Porter Cable 314

I figured I'd get a PC 314. I don't have one of those and it looks like it would be pretty useful to me... However, several of the Amazon.com customer reviews mentioned that the blade was not parallel to the edges of the base. Obviously this would cause grief if using a straight edge to guide the saw while cutting sheet goods. Were these two reviews about fluke saws or have others here run into the same problem?
Thanks,
John
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I don't own a 314, but I do own a lot of Porter Cable tools. They all have been and continue to be excellent.
If you are wanting a worm drive, there are other choices but the PC is the small blade, useful for trim work.
Amazon reviewers aren't that reliable, IMHO.
John Grossbohlin wrote:

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I've got over a dozen PC tools myself. It's the "base parallel to blade" on the 314 about which I'm specifically interested in getting more information...
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Sure, it's a good idea to read Amazon reviews carefully and weed out ones that reviewed a different model, had some sort of agenda, or don't know what they are writing about. None of those apply to my comments on the 314 @ Amazon though. I have a reasonable amount of woodworking experience and try to write balanced and objective reviews.
The 314 I brought home from The Tool Shed (Gvl. SC) had a blade that was out of parallel with the base edge by about 1/32" across the blade length exposed at full cut depth. I did some test cuts guided by a straightedge and determined that this condition would be a functional problem - rough cuts and tough time holding the saw against the edge. 1/32" may not seem like much, but it is for a saw with blades this thin (1/16" kerf) and small (4 1/2").
I took the saw back to The Tool Shed. The manager inspected the saw and agreed that it was improperly manufactured. He also agreed that the saw's design prevented effective and easy correction of the condition. He popped a second one out of its box for me, we checked it and determined it to be properly aligned, and I went home with it. Been a good saw since.
Maybe the first saw I got was the only bum one they've ever made. Maybe the second one was the only good one. I'm sure the actual situation is somewhere between those extremes. I recommend the saw to other woodworkers, but suggest that it be checked carefully upon receipt.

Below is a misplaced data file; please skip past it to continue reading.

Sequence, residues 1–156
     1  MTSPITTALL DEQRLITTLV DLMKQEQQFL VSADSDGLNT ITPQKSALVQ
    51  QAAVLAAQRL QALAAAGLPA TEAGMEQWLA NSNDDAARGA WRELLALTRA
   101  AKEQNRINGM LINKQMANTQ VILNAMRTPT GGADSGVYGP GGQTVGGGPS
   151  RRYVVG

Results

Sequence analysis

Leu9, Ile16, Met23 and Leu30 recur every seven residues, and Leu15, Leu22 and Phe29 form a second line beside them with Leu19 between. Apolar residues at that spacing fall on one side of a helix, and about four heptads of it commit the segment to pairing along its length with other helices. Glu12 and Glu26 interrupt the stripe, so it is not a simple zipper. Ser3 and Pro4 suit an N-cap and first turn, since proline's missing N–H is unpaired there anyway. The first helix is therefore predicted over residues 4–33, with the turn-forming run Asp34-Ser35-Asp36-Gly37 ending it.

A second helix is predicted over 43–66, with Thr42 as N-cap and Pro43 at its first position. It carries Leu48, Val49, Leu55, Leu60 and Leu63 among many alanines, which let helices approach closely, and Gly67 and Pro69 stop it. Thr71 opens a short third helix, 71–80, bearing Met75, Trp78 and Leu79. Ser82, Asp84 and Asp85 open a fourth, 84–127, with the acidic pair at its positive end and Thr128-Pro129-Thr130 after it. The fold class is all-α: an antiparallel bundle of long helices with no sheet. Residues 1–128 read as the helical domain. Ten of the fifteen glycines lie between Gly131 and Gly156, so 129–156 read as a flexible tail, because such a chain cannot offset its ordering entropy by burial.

Regards, Dave
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I have one and the base is VERY light weight...
This little saw CAN NOT be thrown around like it's bigger relatives or you will bend/knock the base out of alignment VERY easily. It is a wondeful little trim saw but a little more fragil than most PC tools.
It is NOT a honking big ass framing saw....
John Grossbohlin wrote:

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Its a fine little saw. If the base is out of parallel, and gets that way after it gets dropped. The fix is simple. Bend it back! It is afterall a lightweight base and can be moved easily.
You wont be framing a house but for trim work, its a fine saw.
Dave

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I got one a few years ago, and like it very much. It is great for breaking down sheet goods. I haven't done much research, but it seems limited to PC blades.

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Glad to hear others are pleased with the saw... I've got some PC tools that are close to 20 years old and some about four months old and have been pleased with them.
A 314 will be joining my collection. I can appreciate the need to take care with the saw so as to not damage the base. I don't see that as much of an issue... I haven't dropped a power tool in about 25 years. That drop was because scaffolding planks slipped under me while I was trimming plywood roof sheating on the edge of a gambrel roof. It was a choice: drop the saw some 16-18 feet to the ground or drop the saw and me some 16-18 feet to the ground. The saw lost that round. Oh, wait, I forgot about dropping the Dremel tool that burst into flames in my hands a few years after that. I dropped that tool but it was toast already so it didn't matter. ;-)
John
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